Elaine from Feel My Felt asked if these violets are growing out of paving, and noticed the two other plants in the photo. Yes they are coming through a crack in the paving, they have self-seeded here. The two other plants in the photo, are sedum which will grow just about anywhere, and herb robert, which is a member of the geranium family, practically a weed in my garden. I am forever pulling it up, the whole plant has a very pungent smell!


my photo


You have already seen photos of three of the varieties of hellebore I have in the garden, well this is the fourth.

I was really fortunate, as last year my mother-in-law's neighbour was having an area outside of his house paved, and he needed homes for his well established clumps of hellebores. Well as not to appear greedy, I came home with out five good sized plants!

I potted them on into one litre pots, to let them die down over the winter period, and then this year, once they had started to spring back into growth again, I planted them out in the borders.

I can't wait for next year to see how they have spread?

my photo


This lovely, very feminine Spear & Jackson hand tool set was given to me from two friends at work, along with lots of other gardening goodies, as a leaving present. I am not kidding the bag they gave me was just like a lucky dip, I kept putting my hand in and pulling out more!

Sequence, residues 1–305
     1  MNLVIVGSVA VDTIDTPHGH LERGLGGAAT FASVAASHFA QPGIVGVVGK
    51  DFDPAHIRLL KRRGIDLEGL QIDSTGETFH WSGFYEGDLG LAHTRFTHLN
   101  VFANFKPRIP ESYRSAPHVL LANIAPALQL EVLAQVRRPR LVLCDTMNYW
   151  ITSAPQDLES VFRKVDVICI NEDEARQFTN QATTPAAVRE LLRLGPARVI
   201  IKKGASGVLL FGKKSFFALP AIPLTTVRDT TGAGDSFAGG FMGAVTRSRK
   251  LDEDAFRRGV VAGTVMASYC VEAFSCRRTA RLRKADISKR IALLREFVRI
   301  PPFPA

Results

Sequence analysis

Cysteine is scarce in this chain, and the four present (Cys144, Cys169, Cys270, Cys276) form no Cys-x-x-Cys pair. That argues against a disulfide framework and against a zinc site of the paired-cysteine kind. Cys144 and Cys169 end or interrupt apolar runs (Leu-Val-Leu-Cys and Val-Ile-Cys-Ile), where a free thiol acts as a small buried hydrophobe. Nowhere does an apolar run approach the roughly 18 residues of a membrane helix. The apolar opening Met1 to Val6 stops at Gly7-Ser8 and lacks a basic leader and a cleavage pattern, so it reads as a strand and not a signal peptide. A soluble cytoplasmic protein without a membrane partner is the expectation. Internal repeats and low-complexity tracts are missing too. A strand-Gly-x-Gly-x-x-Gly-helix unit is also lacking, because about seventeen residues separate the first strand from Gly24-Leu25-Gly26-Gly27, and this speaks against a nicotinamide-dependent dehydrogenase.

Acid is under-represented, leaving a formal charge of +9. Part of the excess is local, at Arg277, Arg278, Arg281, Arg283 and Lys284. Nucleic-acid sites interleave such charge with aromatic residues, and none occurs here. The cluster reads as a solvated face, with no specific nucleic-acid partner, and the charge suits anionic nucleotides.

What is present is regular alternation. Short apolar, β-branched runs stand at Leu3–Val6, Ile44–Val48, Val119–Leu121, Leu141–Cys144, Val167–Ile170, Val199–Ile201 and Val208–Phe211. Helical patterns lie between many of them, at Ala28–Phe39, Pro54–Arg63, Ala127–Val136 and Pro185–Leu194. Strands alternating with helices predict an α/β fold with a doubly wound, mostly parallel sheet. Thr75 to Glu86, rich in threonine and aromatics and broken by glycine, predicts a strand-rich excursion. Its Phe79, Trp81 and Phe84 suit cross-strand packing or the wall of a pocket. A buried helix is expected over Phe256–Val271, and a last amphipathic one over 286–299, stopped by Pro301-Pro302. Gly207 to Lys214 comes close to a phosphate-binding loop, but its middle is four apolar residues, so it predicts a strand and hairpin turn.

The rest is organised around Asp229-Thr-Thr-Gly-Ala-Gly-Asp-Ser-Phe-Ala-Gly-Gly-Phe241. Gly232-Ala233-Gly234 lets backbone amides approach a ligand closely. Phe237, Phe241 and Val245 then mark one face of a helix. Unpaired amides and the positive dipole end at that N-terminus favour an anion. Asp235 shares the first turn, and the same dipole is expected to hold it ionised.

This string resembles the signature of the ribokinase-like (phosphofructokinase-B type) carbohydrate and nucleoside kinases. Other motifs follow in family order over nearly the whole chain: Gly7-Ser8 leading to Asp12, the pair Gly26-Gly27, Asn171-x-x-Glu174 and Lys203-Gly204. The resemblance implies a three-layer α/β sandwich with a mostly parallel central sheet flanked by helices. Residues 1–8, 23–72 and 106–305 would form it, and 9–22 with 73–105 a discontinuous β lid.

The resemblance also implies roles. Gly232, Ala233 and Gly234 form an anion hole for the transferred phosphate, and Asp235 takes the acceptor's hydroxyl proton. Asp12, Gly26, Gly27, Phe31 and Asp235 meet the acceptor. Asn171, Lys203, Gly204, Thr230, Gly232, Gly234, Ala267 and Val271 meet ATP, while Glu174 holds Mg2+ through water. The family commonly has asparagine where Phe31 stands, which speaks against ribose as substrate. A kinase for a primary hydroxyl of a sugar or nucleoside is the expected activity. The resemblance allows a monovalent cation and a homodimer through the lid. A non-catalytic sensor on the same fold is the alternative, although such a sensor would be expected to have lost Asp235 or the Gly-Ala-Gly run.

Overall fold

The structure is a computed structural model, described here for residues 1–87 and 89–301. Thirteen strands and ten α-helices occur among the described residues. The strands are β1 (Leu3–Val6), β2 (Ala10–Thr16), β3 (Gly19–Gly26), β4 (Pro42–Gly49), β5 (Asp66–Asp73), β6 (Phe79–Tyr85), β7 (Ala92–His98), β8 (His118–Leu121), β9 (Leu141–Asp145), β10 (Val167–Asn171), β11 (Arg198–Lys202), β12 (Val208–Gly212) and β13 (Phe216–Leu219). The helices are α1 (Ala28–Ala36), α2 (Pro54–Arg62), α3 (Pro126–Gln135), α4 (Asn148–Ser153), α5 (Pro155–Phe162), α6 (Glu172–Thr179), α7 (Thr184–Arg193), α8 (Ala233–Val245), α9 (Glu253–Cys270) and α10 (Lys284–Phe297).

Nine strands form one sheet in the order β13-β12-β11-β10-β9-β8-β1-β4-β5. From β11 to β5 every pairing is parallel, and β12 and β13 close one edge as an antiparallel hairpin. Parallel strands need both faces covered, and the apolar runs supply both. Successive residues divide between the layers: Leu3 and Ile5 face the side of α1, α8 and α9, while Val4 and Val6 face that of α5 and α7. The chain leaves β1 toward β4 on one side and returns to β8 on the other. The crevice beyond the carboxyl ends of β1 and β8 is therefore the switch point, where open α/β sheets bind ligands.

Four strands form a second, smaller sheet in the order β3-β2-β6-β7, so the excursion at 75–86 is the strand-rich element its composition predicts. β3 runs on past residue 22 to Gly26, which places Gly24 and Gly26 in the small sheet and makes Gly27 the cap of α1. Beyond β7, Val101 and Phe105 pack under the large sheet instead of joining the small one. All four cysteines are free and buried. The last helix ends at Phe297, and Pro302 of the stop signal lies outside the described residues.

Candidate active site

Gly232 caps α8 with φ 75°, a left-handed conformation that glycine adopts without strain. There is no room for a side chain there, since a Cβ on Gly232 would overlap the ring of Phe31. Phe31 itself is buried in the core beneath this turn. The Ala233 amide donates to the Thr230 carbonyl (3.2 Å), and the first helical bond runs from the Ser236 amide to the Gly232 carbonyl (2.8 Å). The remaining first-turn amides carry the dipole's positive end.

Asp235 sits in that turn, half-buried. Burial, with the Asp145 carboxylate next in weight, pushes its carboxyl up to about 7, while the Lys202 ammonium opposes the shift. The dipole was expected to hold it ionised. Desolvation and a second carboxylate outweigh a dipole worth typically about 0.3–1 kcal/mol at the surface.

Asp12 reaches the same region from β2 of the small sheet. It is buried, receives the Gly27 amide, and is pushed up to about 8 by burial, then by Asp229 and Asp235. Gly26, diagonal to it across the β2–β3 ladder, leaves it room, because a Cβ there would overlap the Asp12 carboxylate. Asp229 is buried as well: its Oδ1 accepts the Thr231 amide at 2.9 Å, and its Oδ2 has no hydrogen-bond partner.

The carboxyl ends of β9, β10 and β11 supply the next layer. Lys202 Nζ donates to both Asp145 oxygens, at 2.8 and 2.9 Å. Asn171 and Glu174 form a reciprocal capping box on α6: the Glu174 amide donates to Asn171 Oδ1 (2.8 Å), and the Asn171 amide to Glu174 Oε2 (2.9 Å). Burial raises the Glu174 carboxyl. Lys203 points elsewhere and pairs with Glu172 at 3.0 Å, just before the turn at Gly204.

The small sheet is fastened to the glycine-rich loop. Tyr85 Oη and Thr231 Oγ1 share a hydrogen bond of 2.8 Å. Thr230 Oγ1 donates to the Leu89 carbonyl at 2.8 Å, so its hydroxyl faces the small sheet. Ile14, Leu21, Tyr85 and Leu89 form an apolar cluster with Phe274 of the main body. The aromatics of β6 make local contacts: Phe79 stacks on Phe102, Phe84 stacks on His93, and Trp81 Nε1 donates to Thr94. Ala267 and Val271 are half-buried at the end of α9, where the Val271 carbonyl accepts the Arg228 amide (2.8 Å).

Helene and Jackie, you are too kind!


my photo


Sheila from Greenridge Chronicles wants to know what the little mauve plant is, which crept into my shot of the celandine, well it is Aubrieta. Even though I loathe to call any garden plant common, this little rock plant is readily available in our garden centres, although sometimes difficult to find in any colour other than this shade of mauve. My neighbour has it in cerise, which is gorgeous.

These plants thrive in both fairly rich soil and to be quite honest fairly dry soil, I have them planted in both, and they both seem to do equally as well.

They are named after M Aubriet who was a French botanical artist.



Jo from Higglety Pigglety reminded me that today was the day when bloggers from all over the world posted pictures of a door. Well the door above is my dream door, this is my fantasy hideaway, right by the sea. This door belongs to Prospect Cottage, which sits along a stretch of shingle beach in Dungeness, Kent. It is famous as being the garden of Derek Jarman, a painter, theatre designer and film-maker.

One of my ambitions in life is to have a seaside garden, I hope this becomes a reality?

'Charmed by the landscape, we decided to visit the old lighthouse. There's a beautiful fisherman's cottage there, and if ever it was for sale, I think I'd buy it. As we neared the cottage, black varnished with bright yellow window frames, we saw the green and white 'for sale' sign, the improbability of it made the purchase inescapable' - Derek Jarman.